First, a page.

The lives and legends of four women are examined in this fascinating book, all representatives of the golden age of the French courtesan. In the reign of Emperor Napoleon III the opulent and pampered demi-monde became almost indistinguishable from the haut-monde, with mythical reputations growing up around its most glittering and favoured celebrities. Marie Duplessis became the prototype of the virtuous courtesan when Alexandre Dumas Fils portrayed her in La dame aux Camellas. Apollonie Sabatier put men of letters at ease amidst the bawdy talk of her salon. The Russian Jew La Paiva appeared intent to prey on rich young men of Paris. The English beauty who called herself Cora Pearl was another 'foreign threat', with her athletic physique, sixty horses and ability 'to make bored men laugh'. Virginia Rounding disentangles myth from reality in her lively, thought-provoking study. Nineteenth-century Paris comes to life and so do its most distinguished and declasse inhabitants.
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Virginia Rounding is a social and sexual historian living in London. This is her first book.From The New Yorker:
Nineteenth-century Paris was famous for its highly formalized system of prostitution. The élite of this demimonde were courtesans who entertained aristocrats, artists, and writers such as Dumas and Baudelaire. Rounding focusses on four such cocottes—Apollonie Sabatier, Marie Duplessis, the Englishwoman Cora Pearl, and a Russian Jew known as La Païva—paying particular attention to the legends that surrounded them. Cora Pearl was said to have had herself served up on a silver platter, decorated only with parsley; after La Païva's death, her besotted husband, a Prussian count, reportedly had her embalmed in a glass jar in his castle. Rounding presents a seductive vision of women whose talent for social, financial, and sexual machination allowed them to navigate Second Empire Paris, and whose acts of self-creation and the works of art they inspired have endured longer than the details of their lives.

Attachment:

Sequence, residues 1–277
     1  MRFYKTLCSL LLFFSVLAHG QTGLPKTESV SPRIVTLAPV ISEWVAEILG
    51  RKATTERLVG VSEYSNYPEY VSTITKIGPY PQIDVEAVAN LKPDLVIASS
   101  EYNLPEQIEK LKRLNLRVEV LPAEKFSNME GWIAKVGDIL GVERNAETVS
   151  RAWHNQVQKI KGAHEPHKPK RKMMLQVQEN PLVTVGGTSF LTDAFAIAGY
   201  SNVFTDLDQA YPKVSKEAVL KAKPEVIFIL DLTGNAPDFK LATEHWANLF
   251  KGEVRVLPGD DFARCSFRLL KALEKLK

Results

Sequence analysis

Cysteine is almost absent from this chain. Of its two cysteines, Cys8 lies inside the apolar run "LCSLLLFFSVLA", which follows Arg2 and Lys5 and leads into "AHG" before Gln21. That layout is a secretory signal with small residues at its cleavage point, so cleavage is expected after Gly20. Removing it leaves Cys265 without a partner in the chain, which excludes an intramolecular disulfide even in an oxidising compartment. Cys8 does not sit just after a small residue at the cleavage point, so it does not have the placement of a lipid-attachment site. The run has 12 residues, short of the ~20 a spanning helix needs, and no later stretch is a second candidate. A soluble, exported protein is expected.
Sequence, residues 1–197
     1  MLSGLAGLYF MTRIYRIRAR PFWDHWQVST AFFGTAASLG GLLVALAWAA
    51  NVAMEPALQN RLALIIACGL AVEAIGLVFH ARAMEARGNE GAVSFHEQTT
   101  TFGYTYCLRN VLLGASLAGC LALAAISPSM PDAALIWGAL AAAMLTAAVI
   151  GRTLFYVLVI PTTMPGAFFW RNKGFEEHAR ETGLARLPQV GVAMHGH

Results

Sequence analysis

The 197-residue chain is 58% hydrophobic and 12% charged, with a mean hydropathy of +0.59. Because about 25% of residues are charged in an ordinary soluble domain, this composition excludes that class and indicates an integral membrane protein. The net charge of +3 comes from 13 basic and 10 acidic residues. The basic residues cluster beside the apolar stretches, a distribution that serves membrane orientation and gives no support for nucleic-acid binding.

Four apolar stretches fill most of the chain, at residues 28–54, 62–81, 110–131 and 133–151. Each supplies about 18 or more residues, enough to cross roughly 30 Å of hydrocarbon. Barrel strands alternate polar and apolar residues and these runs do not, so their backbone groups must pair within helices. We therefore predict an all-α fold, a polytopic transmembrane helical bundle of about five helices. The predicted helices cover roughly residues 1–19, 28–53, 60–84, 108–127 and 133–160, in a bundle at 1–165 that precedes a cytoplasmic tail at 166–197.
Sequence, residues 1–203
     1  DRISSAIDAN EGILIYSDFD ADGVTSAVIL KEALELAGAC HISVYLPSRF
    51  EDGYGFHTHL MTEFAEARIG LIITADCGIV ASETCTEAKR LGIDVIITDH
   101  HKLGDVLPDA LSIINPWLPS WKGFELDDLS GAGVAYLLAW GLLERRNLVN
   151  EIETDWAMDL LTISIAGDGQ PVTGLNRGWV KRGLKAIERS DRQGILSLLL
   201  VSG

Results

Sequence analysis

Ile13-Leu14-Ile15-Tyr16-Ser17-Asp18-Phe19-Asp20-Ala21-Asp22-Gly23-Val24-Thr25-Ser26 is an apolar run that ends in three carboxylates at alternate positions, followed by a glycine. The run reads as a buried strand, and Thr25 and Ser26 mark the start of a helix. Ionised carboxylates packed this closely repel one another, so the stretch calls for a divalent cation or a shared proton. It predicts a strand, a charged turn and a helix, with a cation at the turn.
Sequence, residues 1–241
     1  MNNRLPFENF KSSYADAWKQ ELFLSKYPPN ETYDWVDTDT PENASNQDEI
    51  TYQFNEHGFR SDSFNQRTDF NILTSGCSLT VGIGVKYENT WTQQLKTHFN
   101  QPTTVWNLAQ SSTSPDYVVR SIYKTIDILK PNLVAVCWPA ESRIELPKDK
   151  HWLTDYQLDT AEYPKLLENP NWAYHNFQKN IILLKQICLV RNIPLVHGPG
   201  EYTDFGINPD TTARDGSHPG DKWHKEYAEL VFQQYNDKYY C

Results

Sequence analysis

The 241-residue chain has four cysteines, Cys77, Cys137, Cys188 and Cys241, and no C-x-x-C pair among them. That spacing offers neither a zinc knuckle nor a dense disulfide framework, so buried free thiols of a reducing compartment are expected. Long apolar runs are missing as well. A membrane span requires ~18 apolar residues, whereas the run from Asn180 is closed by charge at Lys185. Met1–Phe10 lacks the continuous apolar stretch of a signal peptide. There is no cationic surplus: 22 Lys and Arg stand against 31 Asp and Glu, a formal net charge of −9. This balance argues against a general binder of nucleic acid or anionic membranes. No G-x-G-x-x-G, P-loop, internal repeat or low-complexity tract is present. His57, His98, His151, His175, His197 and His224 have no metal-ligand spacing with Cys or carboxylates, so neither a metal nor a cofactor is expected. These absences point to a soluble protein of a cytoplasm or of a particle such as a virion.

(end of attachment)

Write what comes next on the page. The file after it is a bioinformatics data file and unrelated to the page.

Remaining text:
Copyright © 2005 The New Yorker
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